Symptoms: Organophosphate and carbamate poisoning can cause a variety of symptoms, including blurred vision, salivation, and vomiting, as well as seizures.8 Additionally, these products can overstimulate organs and result in them shutting down.
Treatment: In cases of ingestion, do not have the victim throw up. Seek medical treatment right away. Medical professionals may use the drug atropine to treat serious insecticide poisonings. If the insecticide came in contact with the victim’s clothing or skin, they should remove their clothes and wash their body immediately.
5. Dishwasher and laundry detergent
Swallowing liquid or granular dishwasher or laundry detergent can be dangerous, but detergent pods present a greater risk of serious poisoning. Over a two-year period, US Poison Control Centers received more than 62,000 calls related to laundry and dishwasher detergent exposure affecting children younger than six years old—with approximately 60% of these calls triggered by exposure to detergent pods.9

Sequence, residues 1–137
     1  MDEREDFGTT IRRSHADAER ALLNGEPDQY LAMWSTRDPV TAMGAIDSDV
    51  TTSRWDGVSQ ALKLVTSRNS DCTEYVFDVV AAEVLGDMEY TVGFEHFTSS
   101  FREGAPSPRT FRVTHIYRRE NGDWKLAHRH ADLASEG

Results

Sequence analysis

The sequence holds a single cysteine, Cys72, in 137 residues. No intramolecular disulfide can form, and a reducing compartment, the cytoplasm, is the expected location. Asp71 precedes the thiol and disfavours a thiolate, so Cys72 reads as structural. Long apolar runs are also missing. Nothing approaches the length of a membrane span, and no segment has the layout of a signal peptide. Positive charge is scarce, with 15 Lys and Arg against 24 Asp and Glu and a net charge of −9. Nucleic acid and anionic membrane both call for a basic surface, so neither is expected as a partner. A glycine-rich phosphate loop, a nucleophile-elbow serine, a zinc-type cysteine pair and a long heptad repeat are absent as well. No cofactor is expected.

Prevention: Young children and pets can easily mistake brightly colored and pleasantly fragrant detergent pods for candy. So keep pods in their original container with the lid sealed and store them in a secure location. Better yet, avoid pods altogether and use a liquid or granular product.
Symptoms: Swallowing liquid or granular dishwasher or laundry detergent can cause vomiting and diarrhea. Ingesting a detergent pod can result in symptoms ranging from vomiting and drowsiness to aspiration and respiratory distress.
Treatment: Call the Poison Control hotline or seek other medical help immediately. Do not make the victim throw up unless a medical professional advises you to.
Related pages on SafeWise
1. Clinical Toxicology, 2018 Annual Report of the American Association of Poison Control Data Snapshot: 36th Annual Report
2. Centers for Disease Control and Prevention, NCHS Data on Drug-Poisoning Deaths, 2018
3. American Addiction Centers, Symptoms of Opiate Overdose: Vicodin, OxyContin, and Morphine
4. National Library of Medicine, PubMed, Toxic effects of nonsteroidal anti-inflammatory drugs in overdose
5. MedlinePlus, Toilet Bowl Cleaners and Deodorizers Poisoning
6. MedlinePlus, Drain Cleaner Poisoning
7. Medscape, Benzocaine-Induced Methemoglobinemia
8. Merck Manual, Organophosphate Poisoning and Carbamate Poisoning
9. AAP News and Journals, Pediatric Exposures to Laundry and Dishwasher Detergents in the United States: 2013–2014
10. Centers for Disease Control and Prevention, "Carbon Monoxide Poisoning (CO)," March 2021. Accessed June 14, 2022.